I’ll be heading to the pumpkin patch this month with my kids, like many of you. Never mind the fact that they’re all teenagers now—they still love this tradition, and they’re happy to indulge me with a trip that always takes me back to their toddler years. There’s nothing cuter than a 3-year-old trying to carry a pumpkin bigger than her head.
And this brings up the question I’ve been asked every year, for the past 15 years or so: “Mom, what should we do with the pumpkin seeds?”
This Halloween season, I have a few answers other than, “I don’t know, leave them on the table and let me think about it.” Of course I threw them away eventually because I had no clue what to do. This year, I do.
First tip: Soak the pumpkin’s insides in water to quickly separate the seeds from the rest of the pulp. That’ll get the slimy stuff off of them.
Then I’m going to try a few of these:
1. Toast them. Pumpkin seeds are a healthy snack—who knew? They’re high in protein and fiber, low in fat, packed with antioxidants and they work well with many different seasonings. Just toss the seeds with olive oil and bake at 350 degrees for about 15 minutes. Add a bit of coarse salt, or for a little spice, add a pinch of both chili powder and paprika before you bake the seeds.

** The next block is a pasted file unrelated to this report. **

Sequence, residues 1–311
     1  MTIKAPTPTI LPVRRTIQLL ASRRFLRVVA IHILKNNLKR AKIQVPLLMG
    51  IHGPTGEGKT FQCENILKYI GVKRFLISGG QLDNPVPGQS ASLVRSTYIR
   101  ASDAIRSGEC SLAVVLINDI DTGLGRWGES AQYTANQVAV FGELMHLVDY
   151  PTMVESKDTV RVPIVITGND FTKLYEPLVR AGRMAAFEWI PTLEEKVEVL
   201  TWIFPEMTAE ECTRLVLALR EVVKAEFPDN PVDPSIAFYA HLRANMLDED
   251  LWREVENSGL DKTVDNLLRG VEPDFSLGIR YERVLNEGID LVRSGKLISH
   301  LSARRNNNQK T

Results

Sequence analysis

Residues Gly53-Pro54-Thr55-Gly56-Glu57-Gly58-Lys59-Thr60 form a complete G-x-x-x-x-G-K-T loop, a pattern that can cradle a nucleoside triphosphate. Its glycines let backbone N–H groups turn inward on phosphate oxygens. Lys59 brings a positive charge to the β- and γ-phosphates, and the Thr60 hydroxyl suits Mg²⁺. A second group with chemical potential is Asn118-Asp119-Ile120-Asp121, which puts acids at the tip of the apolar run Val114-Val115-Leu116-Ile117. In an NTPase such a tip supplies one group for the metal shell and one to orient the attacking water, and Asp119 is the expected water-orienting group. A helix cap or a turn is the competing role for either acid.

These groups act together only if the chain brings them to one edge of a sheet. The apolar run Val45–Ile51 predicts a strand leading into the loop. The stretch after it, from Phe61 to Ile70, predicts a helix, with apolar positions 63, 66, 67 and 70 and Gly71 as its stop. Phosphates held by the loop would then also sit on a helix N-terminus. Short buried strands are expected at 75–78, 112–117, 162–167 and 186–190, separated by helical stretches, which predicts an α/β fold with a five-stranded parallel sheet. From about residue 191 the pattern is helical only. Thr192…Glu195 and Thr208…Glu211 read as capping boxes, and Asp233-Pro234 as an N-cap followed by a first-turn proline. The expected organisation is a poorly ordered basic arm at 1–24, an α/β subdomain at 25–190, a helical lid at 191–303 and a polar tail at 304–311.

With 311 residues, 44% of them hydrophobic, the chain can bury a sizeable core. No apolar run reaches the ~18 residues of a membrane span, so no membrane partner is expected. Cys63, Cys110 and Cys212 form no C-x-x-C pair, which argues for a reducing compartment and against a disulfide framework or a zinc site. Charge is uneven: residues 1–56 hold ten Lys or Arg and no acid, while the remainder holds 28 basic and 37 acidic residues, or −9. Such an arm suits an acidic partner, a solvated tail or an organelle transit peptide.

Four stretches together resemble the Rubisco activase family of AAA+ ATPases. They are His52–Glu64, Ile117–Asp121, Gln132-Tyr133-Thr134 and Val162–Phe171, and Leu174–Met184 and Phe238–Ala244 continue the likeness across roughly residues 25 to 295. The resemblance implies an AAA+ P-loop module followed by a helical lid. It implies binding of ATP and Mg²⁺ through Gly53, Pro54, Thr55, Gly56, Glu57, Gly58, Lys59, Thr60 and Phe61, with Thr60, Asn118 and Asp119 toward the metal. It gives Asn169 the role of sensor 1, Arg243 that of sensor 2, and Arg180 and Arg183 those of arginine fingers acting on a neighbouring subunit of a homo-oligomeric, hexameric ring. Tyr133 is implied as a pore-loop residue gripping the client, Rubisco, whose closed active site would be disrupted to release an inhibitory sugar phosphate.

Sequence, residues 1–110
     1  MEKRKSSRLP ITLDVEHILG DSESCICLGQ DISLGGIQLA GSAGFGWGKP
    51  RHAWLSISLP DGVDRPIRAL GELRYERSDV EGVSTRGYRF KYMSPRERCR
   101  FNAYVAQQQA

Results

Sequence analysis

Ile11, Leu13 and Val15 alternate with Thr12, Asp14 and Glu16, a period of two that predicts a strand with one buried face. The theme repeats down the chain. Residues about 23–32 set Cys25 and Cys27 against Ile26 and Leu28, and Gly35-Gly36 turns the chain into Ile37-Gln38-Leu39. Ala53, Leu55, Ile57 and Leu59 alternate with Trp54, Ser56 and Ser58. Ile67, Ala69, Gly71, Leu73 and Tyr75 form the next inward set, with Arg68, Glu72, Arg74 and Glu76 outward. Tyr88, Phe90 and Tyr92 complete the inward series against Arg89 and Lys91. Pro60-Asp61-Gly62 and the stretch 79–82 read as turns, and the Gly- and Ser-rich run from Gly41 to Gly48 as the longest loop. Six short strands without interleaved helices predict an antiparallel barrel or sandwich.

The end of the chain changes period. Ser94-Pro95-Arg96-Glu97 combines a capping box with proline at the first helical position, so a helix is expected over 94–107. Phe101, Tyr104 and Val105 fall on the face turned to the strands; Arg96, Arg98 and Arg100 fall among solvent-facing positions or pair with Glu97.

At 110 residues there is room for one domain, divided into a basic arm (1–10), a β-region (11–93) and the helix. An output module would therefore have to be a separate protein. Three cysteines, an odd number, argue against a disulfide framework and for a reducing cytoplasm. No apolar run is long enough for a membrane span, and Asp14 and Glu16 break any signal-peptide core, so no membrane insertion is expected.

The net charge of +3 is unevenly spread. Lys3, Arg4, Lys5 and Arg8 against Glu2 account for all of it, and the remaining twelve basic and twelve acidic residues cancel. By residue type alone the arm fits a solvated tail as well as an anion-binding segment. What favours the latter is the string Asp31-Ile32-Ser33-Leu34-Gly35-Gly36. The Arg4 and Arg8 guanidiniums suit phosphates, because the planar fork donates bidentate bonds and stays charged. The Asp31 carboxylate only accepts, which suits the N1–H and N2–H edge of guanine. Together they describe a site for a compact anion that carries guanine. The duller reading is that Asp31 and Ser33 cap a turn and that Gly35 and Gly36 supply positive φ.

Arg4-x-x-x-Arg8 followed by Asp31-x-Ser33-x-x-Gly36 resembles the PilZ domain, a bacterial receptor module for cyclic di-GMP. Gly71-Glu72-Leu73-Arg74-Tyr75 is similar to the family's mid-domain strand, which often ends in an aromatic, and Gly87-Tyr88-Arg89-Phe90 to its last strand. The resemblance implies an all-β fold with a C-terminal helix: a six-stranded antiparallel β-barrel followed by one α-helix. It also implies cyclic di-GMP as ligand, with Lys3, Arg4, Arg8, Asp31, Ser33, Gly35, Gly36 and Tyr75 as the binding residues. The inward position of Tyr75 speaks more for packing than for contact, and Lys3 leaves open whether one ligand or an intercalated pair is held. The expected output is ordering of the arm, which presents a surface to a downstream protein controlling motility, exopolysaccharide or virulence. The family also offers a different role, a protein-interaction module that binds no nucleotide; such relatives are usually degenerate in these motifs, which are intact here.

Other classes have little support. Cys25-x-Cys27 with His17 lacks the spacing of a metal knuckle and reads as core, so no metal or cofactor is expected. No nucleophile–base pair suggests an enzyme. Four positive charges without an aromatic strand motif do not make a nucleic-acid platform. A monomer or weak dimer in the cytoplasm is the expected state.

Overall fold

2. Feed the birds. After separating the pulp and drying the seeds out, hang them in a bird feeder—because of the size of the seeds, you’ll likely attract larger birds. If you want to attract smaller birds, you can hull the seeds first.
3. Grow your own pumpkin patch. If you have some space in your garden, consider growing your own pumpkin patch. Keep your seeds from this year’s pumpkins and plant them after the final frost next year (usually mid-March to May, depending on where you live).
4. Search for recipes. Here’s a recipe I found for Cinnamon Pumpkin Seed Brittle that looks delicious and will, no doubt, be kid-approved in my house.
5. Add them to smoothies, salads and oatmeal. If you want to boost the nutritional value of your kids’ favorite smoothies, throw in some seeds when you’re blending the ingredients. It’s a great way to add protein without having to buy expensive powders or other ingredients that may radically change the flavor.
Any other pumpkin seed tips you’d like to share? What do you do with yours?